Scientists are now exploring a few possibilities. First, greenhouse gases probably influenced past climates. Ice cores record past greenhouse gas levels. In the past, when the climate warmed, the change was accompanied by an increase in greenhouse gases, particularly carbon dioxide. When scientists tried to build climate models, they could not get the models to simulate past climate change unless they also added changes in carbon dioxide levels. Though scientists aren’t sure why carbon dioxide levels changed, almost all believe that the shift contributed to altering the climate. Because ice cores also revealed that carbon dioxide levels are much higher today than at any time recorded in the past 750,000 years, pinning down the cause-and-effect relationship between carbon dioxide and climate change continues to be a focal point of modern climate research.
Global Conveyor Belt
Another possible trigger for rapid climate change is ocean circulation. Today, warm water from the equator is carried towards the poles on ocean surface currents. Because of the arrangement of the continents, warm water is carried far into the North Atlantic, moderating the climate in Northern Europe. As the warm surface water reaches the cold air in the north, it cools. The salty Atlantic water becomes very dense as it gets cold. The cold, salty water sinks to the bottom of the ocean before it can freeze, where it is pulled southward toward the equator. More warm water from the equator flows north to replace the sinking water, setting up a global oceanic “conveyor belt.”
This pattern helps keep Northern Europe far warmer than other locations at the same latitude. The key to keeping the belt moving is the saltiness of the water, which increases the water’s density and causes it to sink. Many scientists believe that if too much fresh water enters the ocean, for example, from melting Arctic glaciers and sea ice, the water will be diluted. Fresh water freezes at a higher temperature than salty water, so the cooling surface water would freeze before it could become dense enough to sink toward the bottom. If the water in the north does not sink, the water at the equator will not move north to replace it. The currents would eventually stop moving warm water northward, leaving Northern Europe cold and dry within a single decade.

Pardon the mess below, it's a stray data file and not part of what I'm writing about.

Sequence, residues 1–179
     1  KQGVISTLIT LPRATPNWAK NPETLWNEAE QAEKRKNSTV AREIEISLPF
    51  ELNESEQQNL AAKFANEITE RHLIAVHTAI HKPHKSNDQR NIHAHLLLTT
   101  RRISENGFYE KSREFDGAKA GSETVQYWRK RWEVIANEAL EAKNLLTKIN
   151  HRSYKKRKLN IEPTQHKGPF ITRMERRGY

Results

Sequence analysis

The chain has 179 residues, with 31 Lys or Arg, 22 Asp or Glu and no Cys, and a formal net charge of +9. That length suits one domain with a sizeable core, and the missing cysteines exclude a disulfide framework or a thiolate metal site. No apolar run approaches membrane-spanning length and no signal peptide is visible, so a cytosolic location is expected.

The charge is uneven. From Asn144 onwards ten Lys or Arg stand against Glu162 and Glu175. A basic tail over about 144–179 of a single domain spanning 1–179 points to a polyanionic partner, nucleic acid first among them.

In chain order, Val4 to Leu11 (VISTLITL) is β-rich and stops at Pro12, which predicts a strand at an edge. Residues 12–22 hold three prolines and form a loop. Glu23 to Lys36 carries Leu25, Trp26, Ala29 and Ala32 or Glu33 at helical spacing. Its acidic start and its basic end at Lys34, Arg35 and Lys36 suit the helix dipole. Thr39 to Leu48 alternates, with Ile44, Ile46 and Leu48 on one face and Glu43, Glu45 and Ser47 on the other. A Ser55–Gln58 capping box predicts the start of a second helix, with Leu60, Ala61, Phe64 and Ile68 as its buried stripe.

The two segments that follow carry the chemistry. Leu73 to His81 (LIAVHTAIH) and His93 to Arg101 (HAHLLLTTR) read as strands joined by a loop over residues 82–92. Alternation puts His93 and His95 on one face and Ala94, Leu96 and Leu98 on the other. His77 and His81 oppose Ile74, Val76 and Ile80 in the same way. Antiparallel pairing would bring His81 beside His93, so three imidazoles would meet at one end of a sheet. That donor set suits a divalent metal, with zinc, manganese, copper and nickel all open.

This theory of rapid climate change is called the “conveyor belt theory,” and though many scientists do not yet agree with it, the paleoclimate record found in ocean sediment cores is beginning to support it. Recent paleoclimate studies have shown that when heat circulation in the North Atlantic Ocean slowed in the past, the climate changed in Northern Europe. Although the last ice age peaked about 20,000 years ago, the warming trend was interrupted at various points by cold spells. In a paper published in Nature on April 22, 2004, McManus and colleagues Roger Francois, Jeanne Gherardi, Lloyd Keigwin and Susan Brown-Leger at Woods Hole Oceanographic Institute and the Laboratoire des Sciences du Climat et de l’environnement in France showed that cold periods in Europe 17,500 and 12,700 years ago happened just after melting ice diluted the salty North Atlantic water, and the ocean “conveyor belt” slowed. The evidence, which they took from radioactive elements in ocean cores, is beginning to support the theory, but McManus cautions that there are still pieces to fill in before we fully understand what role the conveyor belt played in past climate change and what role it might play in the future.
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